NOT MANY BARRIERS TO WILDLIFE MOVEMENT
In the first 2000 km of the 3400 km journey, Heuer encountered fewer barriers to wildlife movement than expected. Traveling one of a number of potential routes along the mountains from Yellowstone, Wyoming to Jasper, Alberta, he crossed:
- 35 FENCES representing 14 private land holders. Eight of 86 days were spent on private lands.
- 8 MAJOR ROADS -- (four two-lanes, the remainder twinned 4-lane freeways).
- 100's of MINOR ROADS-- forestry, oil & gas exploration, 4x4 and jeep roads were encountered in the trek's first 2000 km. The majority are concentrated around the eight major roads above. A small proportion have been closed to motorized vehicles and are being reclaimed.
- 4 RAILWAYS -- bisected the first 2000 km of the Hike.
MORE THAN HALF OF HEUER'S 2000 KM ROUTE LAST YEAR WAS THROUGH PARKS, LEGISLATED WILDERNESS AND DESIGNATED ROADLESS AREAS
Much of the Y2Y region exists today as protected areas with vast tracts of public land between. Eighty-six days (2000 kms) were spent walking an average of 20 km/day on trails and bushwhacking between drainages from Yellowstone to Jasper.
- 40 of the 86 days were in legislated wilderness areas or national parks
- 27 days were on public lands managed for multiple use
- 11 days were on public lands designated roadless areas
- only 8 days were spent crossing private lands (many of which are held in conservation easements that prevent subdivision and development).
Of the 86 days on the trail, there were only 14 days when tracks, scat, rub trees, digs, or the bears themselves were not observed.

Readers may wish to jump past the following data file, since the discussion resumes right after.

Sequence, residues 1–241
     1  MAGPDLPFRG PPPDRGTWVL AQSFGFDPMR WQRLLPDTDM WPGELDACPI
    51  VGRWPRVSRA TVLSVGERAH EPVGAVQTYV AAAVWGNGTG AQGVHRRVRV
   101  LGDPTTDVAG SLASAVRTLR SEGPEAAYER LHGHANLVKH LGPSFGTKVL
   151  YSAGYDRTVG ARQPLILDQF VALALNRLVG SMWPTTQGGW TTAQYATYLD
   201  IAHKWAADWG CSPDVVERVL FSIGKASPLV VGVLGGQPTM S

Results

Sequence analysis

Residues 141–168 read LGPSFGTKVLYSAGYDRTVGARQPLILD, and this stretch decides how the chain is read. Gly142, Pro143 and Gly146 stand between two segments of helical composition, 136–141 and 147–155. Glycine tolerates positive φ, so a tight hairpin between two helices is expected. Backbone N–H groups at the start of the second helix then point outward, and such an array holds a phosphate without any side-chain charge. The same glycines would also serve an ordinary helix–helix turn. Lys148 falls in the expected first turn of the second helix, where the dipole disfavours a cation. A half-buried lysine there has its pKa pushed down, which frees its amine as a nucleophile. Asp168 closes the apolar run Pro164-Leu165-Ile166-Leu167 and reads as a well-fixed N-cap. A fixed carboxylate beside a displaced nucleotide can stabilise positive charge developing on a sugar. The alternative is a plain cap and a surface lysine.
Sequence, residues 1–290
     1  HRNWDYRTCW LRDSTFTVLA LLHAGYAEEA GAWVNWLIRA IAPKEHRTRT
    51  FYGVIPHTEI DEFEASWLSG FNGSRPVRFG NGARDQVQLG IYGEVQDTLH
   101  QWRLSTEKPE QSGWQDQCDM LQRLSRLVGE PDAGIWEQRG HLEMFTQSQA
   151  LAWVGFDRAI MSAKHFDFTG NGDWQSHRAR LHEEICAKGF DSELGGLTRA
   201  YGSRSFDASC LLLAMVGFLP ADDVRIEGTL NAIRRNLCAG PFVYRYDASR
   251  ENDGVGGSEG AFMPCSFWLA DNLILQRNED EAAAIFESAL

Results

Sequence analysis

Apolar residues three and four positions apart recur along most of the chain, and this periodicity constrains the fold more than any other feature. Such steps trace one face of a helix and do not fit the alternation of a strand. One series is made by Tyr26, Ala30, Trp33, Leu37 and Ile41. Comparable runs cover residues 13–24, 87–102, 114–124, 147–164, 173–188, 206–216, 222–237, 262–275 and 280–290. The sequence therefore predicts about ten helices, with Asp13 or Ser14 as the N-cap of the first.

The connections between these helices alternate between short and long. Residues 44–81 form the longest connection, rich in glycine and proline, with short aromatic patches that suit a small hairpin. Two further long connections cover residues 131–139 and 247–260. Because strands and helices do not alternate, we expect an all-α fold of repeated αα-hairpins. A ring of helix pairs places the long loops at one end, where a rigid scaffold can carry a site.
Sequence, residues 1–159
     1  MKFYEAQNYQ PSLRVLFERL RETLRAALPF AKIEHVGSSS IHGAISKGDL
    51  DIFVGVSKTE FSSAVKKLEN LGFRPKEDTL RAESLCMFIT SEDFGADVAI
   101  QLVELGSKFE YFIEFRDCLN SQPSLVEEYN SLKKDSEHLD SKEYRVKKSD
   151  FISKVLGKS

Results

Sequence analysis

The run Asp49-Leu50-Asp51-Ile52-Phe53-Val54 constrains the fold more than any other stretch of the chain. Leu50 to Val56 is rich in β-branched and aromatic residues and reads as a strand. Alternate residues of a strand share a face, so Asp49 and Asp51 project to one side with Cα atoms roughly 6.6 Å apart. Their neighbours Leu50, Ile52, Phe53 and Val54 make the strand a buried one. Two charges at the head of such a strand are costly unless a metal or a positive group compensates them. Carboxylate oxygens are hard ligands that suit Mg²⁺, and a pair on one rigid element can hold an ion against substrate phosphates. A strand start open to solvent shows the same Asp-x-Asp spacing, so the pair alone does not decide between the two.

PHYSICAL CHALLENGES OF SYMBOLIZING WILDLIFE
In the first 2000 km and 86 days of the Hike, Heuer had to:
- negotiate 72 mountain passes
- climb more than 154,000 vertical feet (the equivalent of climbing Mount Everest from Base Camp to the top 15 times!)
- navigate & route-find using 63 topographical maps
- carry a pack weighing 50-60 pounds with tent, stove, first aid and survival gear, as well as dried foods for up to 10 days of foot travel.
In 1999, the Hike will head into even more remote country north of Jasper, where Heuer and companion Leanne Allison expect to be out for longer periods of time between resupply points. The ski portion of the trip, scheduled to leave Jasper on March 15, 1999, will travel for 30 days to Monkman Provincial Park in north-east British Columbia without support. Food caches (stored in metal buckets to keep out wolverine and scavengers) have been placed along the route using skidoes, snowshoes and skis.
- For more information contact:
- Erica Heuer, Publicist
- Phone: (403) 540-6446 Fax: (403) 244-1662
- Email: y2yhike @telusplanet.net
- Y2Y Website: www.rockies.ca/y2y
Y2Y with users encountered on the trail was
an important component of the Hike. Many had
heard of the Y2Y through their local media,
but more importantly, the talks revealed that
people using the land as a source of livelihood
the concerns of scientists and conservationists
about the loss of broad connections between
protected areas. Above: a guide outfitter's
camp in the Clearwater Drainage, Alberta. Right:
Brian Hilger, lifetime rancher in central Montana.